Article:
Start a Nano Journal
I know, I know, you’re already writing constantly, but this is a journal for you, and to carry you through the editing in December. It will give you a few moments to clear your mind, do some long-hand writing, and then proceed with your novel and its editing. Give it a try.
1 Cor 12:3b-7, 12-13
“To each individual the manifestation of the spirit is given for some benefit.”
Just as Jesus showed himself to the apostles and sent them on their mission work as his Father sent him, we also have the holy spirit within us as a guiding hand, showing us which path is the one that is best for each of us.
Write about when you’ve felt the guidance of the Holy Spirit.
Today is the day, Holy Spirit.
You come upon us and leave a breath on each of us.
Your give your spirit to be a part of us,
as a third to join with the Father and the Son.
A guiding hand
There when needed,
Received with gratitude.
Acts 1:15-17, 20a, 20c-26
1 John 4:11-16
“He [G-d] has given us of his spirit…”
He is always with us even if we are unaware of it. As I write this, I am also planning an RCIA lesson for teaching the holy spirit, and in my heart it’s all there, but I can’t get the words onto the paper. I imagine that’s probably because the holy spirit isn’t an intellectual thing; it’s a faith thing. It’s ephemeral and other worldly. It’s in the heart, not the head. When we come to a crossroads, how do we choose? Is it the well-worn path or the not yet trodden, leaf-covered path? Left or right? Towards where the sun came from? Or where it’s going to set? We always choose, and what guides us is unmistakable and remarkable, and whether we’re aware or not, G-d remains in us, and we in Him.
What time do you remember making a decision that had the confidence of G-d guiding you or the holy spirit poking you in one direction or the other?
Come, Holy Spirit
Take my hand,
Lead me in the way I’m to go.
Come, Holy Spirit
Show me the way,
Lead me to the lighted path.
Come, Holy Spirit
Guide me with your love,
Lead me to the truth.
Come, Holy Spirit
I trust in you.
Acts 10:25-26, 34-35, 44-48
1 John 4:7-10
In the first reading today, the gift of the holy spirit poured out on the Gentiles. Peter ordered them to be baptized – cannot withhold water when they’ve received the holy spirit.
It’s not the water. It’s not the holy spirit. It’s not the cross. It’s all of those individual things becoming the greater thing, not only to guide us, but to always be within us.
When I was brought fully into the church four years ago I found out that the Easter Vigil is the only time the parish priests confer confirmation on the candidates. It is the only time that the bishop is allowed to be substituted. It is also the one time when the traditional sacraments are given in their order – baptism, confirmation, communion – rather than receiving the first communion between baptism and confirmation. There is something about being a part of such a longstanding tradition. When I participated and observed the Jewish rituals, I was always in awe of being a part of G-d’s chosen, descended from Abraham, observing things that had been observed since the beginning.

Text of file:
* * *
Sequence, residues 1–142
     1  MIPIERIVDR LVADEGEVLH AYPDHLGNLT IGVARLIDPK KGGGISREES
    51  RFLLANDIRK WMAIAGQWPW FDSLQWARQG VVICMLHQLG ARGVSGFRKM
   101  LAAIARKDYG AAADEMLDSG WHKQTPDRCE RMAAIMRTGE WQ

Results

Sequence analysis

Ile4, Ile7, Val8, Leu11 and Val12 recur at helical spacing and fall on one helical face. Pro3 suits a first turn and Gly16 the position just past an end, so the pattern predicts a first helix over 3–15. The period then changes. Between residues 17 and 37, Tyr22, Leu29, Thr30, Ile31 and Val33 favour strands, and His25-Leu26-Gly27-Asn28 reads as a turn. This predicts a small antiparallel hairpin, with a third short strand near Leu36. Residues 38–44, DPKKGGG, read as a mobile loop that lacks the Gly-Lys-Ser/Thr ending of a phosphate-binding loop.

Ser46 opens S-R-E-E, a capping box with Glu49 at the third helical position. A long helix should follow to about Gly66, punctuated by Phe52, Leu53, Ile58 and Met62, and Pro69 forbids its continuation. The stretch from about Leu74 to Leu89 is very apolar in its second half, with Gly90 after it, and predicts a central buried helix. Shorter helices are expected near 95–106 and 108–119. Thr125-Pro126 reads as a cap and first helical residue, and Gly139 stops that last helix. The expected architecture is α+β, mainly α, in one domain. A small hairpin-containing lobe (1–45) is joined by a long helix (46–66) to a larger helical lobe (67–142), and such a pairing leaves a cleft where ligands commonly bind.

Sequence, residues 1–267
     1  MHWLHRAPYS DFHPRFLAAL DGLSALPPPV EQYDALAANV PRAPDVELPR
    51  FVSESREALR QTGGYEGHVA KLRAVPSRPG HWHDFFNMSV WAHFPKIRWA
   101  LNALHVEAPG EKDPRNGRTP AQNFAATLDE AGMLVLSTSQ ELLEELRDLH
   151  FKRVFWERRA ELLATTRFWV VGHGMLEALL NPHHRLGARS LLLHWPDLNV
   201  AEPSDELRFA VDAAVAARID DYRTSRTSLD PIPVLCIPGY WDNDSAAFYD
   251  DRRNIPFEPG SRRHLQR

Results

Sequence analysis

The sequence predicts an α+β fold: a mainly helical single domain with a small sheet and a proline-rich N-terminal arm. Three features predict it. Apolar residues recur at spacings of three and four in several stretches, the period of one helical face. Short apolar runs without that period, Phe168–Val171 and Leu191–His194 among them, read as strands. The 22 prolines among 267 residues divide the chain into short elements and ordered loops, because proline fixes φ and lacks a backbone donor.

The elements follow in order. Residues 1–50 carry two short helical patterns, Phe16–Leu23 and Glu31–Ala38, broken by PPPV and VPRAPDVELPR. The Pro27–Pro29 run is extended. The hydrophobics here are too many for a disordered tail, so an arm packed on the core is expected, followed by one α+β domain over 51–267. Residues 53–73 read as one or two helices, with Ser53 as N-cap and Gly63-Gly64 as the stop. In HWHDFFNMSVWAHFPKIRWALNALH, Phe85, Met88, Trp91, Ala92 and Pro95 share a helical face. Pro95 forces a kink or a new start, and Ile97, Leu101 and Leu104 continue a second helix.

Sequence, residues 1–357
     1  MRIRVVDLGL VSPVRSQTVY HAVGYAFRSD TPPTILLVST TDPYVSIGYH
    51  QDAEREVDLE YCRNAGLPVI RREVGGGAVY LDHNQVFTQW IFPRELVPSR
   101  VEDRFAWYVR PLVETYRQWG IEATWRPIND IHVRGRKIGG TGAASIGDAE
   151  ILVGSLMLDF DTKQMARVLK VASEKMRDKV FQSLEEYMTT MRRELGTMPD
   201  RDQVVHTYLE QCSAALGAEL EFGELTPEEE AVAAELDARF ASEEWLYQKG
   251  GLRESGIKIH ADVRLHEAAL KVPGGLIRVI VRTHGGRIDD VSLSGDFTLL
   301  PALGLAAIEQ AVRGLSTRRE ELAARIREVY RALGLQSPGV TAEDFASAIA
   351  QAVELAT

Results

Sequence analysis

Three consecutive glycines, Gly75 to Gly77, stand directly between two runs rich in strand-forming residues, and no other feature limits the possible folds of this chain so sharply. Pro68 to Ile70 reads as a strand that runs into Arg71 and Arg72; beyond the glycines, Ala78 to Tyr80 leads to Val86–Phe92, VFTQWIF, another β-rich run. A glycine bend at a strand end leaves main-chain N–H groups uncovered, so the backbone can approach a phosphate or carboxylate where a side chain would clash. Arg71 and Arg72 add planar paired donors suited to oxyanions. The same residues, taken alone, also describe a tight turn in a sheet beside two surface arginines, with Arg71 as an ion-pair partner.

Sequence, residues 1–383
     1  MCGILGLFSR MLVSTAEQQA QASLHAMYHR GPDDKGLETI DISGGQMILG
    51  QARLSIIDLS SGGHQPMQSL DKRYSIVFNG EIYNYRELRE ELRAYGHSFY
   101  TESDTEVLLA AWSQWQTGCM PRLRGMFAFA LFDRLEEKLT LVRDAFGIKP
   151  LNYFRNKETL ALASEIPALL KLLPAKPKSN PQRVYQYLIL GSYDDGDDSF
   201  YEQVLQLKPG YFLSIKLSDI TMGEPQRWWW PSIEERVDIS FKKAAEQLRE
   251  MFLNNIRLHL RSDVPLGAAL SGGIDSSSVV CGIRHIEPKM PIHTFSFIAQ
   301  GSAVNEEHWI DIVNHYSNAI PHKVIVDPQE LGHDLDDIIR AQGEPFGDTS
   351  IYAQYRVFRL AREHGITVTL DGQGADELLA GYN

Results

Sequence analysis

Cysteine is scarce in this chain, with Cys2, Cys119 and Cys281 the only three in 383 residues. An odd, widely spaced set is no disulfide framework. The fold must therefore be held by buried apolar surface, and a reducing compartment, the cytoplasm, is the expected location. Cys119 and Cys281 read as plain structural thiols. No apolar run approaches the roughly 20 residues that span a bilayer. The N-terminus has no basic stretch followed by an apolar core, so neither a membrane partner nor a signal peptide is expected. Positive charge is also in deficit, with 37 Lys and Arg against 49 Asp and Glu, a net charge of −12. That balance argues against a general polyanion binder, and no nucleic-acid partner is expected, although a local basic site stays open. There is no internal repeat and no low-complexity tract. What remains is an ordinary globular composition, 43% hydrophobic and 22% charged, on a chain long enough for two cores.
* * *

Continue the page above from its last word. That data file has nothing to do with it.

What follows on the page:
I feel that same way about my journey through Catholicism. In my studies, I’ve discovered that the mass hasn’t changed much since those first centuries.
The profoundness sometimes weighs on me, but the joy of it all lightens me.
This I command: love one another
Accept the Father’s love,
Offer your love as he does.
Accept His saving power, and
Offer gratitude for it.
Follow his commands,
Absolve your sins,
Close your eyes, and breathe it in.
Exhale it out with thanks, and
1 John 3:18-24
It reminds me of James 3:26: Faith without works is dead. It’s not the faith that’s important; it’s what having faith leads you to do. From giving money to giving time, our works and their reception increases our faith which increases our good works. Similarly, when we love both truthfully and through our deeds, we, and they, come alive.
“Let us love in deed and truth.”
Remind me, O Lord that faith and love are paramount, equally deed and works will lead us to fulfillment and a deeper faith and abiding love. Amen.
1 John 3:1-2
The cornerstone is the foundation, but it’s more than that. It’s the beginning, the first step, the mark of remembrance; the placeholder for all that is to follow.
When seeing the cornerstone, we see where that space all began. Sometimes there’s an engraving, a year of commencement or sometimes completion. A symbol highlighting the buildign’s significance – a cross, an open book. Letters: an engraver’s initials, an artist’s signature, a person’s legacy.
We trace the marks with our fingertips; we photograph all sides with a camera or even our mind’s eye. We do a pencil rubbing on vellum, but there are still realizations hidden deep away.
We begin with the cornerstone and find our own way from there.
Show us the full meaning of the cornerstone,
Bring us there for the beginning,
And walk with us as we end there
At the end of our circle.
We pray to you, and thank you for being by our side.
1 John 5:1-6
Today’s journal prompt comes from the Liturgical Press publication, Daily Reflections for Lent: Not by Bread Alone 2018 by Michelle Francl-Donnay:
Her meditation for Saturday, March 24:
“As the long season of Lent turns toward Holy Week and Easter, stop with G-d to take stock of where you have been. Where has your heart been opened? What Scriptures have spoken to you most clearly? What are you still clinging to that you wish to leave behind?”
Enlighten, O God of compassion, the hearts of your children, sanctified by penance, and in your kindness grant those you stir to a sense of devotion a gracious hearing when they cry out to you. Through our Lord Jesus Christ, your Son, who lives and reigns with you in the unity of the Holy Spirit, one God, for ever and ever. Amen.
Use this liturgical prayer as a journal prompt.